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TRIBEWORK is about consuming the process of life, the journey, together.

Saturday, January 29, 2011

Defying ‘Little Bird’ Conditions of Blackmail

“A little bird told me last night that if I hold my breath and do everything right you might come back.”

~Kasey Chambers, Little Bird.

Human beings can be manipulative creatures; blackmailing those they’re in cahoots with at the slightest hint of not getting their own way. Of course, it’s the rampant co-dependency of a threatened person who’ll say, “A little bird told me to tell you to do/not do [the condition].”

The main trouble is most of us don’t want to go against convention and we only need one piece of negative feedback before options are seriously reconsidered. This is even against those whom may not think that way—the silent majority.

Identifying Those Prone to Placing Conditions

Blackmail is a kind of manipulated extortion, though it’s generally not illegal; but it is immoral. And blackmail might even be too strong a word for how subtle people’s manipulation is... that fact, however, makes it all the more insidious.

Many of the ones resorting to manipulation or blackmail aren’t even aware of it, and they’ll be quick to deny the charge as it comes. This further threatens our confidence as it becomes their word against ours.

The test is does it feel like secretive manipulation? Proper disciplinary action is not underhanded. It can be accounted for and is considered ‘just’ by the prevailing majority. Cases of manipulation tending toward abuse, on the other hand, major on secrecy.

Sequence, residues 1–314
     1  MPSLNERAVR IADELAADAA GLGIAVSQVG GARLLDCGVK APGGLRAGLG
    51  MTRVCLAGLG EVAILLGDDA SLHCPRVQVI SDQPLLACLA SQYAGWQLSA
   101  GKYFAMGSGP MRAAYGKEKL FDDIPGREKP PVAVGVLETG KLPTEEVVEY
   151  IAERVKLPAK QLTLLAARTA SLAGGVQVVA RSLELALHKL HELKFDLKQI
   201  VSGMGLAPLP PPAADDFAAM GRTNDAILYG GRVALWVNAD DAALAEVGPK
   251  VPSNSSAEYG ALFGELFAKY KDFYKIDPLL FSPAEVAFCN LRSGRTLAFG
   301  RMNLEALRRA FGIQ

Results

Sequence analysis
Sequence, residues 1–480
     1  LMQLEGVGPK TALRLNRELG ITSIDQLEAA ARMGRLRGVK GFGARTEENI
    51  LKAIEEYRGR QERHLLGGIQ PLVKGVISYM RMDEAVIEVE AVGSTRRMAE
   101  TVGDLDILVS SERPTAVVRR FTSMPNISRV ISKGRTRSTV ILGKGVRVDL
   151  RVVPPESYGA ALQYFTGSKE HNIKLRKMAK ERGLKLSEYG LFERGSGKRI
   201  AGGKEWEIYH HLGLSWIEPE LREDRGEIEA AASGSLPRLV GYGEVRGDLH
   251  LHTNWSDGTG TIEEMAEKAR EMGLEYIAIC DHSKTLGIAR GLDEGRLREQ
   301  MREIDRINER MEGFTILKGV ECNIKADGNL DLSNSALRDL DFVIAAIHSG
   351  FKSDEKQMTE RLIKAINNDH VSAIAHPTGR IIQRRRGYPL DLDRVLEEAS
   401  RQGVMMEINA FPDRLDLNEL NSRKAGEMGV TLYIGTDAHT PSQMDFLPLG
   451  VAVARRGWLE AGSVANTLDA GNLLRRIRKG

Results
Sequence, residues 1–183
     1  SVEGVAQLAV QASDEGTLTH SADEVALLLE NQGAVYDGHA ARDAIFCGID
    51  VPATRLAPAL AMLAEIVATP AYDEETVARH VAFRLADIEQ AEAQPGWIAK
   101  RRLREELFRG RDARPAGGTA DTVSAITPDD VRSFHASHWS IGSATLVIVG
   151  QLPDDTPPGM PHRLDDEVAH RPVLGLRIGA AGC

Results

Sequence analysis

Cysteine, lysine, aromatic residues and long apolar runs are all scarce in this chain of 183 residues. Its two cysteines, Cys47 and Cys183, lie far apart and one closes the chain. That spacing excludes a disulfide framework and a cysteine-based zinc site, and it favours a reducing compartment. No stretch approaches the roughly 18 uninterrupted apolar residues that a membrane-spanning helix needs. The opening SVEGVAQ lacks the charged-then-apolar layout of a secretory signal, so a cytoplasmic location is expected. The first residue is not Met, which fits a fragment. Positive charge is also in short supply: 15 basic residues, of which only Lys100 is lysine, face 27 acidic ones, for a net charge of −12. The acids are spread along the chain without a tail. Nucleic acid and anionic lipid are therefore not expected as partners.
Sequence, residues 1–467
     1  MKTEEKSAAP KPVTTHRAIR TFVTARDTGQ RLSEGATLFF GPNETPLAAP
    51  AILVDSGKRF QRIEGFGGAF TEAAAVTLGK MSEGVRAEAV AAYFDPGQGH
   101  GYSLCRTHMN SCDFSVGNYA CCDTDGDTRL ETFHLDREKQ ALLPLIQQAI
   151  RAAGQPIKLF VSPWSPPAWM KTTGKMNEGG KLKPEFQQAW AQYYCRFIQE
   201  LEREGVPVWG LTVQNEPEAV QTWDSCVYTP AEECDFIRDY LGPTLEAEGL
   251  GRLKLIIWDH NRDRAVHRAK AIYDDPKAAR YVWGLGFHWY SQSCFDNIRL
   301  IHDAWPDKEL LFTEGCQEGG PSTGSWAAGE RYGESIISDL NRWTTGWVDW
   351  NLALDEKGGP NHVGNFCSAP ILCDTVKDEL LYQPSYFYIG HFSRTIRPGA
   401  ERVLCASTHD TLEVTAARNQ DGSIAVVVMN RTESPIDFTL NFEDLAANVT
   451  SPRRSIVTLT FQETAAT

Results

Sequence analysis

It’s important for us to identify those influences and influencers over our lives that choose such tactics. Once identified there can be boundaries[1] placed around them and their relationship with us. But it’s often not easy to do this; it will take much trial and error in designing these boundaries. In a small number of cases it might be wisest to end relationships that involve significant cases of manipulation.

Where we want to get to in relation to advice is the seeking, consideration and taking of advice from trusted advisers.

Trusted Advisors and True Success

“Without counsel, plans go wrong,

but with many advisers they succeed.”

~Proverbs 15:22 (NRSV).

Unlike the aforementioned advice—veiled as threats for non-compliance—plans made with trusted advisers are secure. Not only do we feel at ease, they tend to work out. And even when they don’t it’s not the end of the world. Our trusted advisers are there to help us pick up the pieces and they won’t be telling us, “I told you so!”

Each of us is less experienced than some that are close by, and besides, we just don’t have the perspective that others have, especially as we consider issues close to the emotive bone.

A trusted adviser is going to give us their advice for free. And they’re not going to be offended if we don’t take it or if we modify it—both through the use of our discretion—for all who wish to grow in wisdom are compelled to practice their discretion. How else are we to learn from our experiences?

Life gets easier and more peaceful when we have more trusted advisers and less manipulating influences in our court.

© 2011 S. J. Wickham.




[1] The “Boundaries” series of books by Drs. Henry Cloud and John Townsend are very good in helping us understand the value and practice of boundaries in protecting our relationships.

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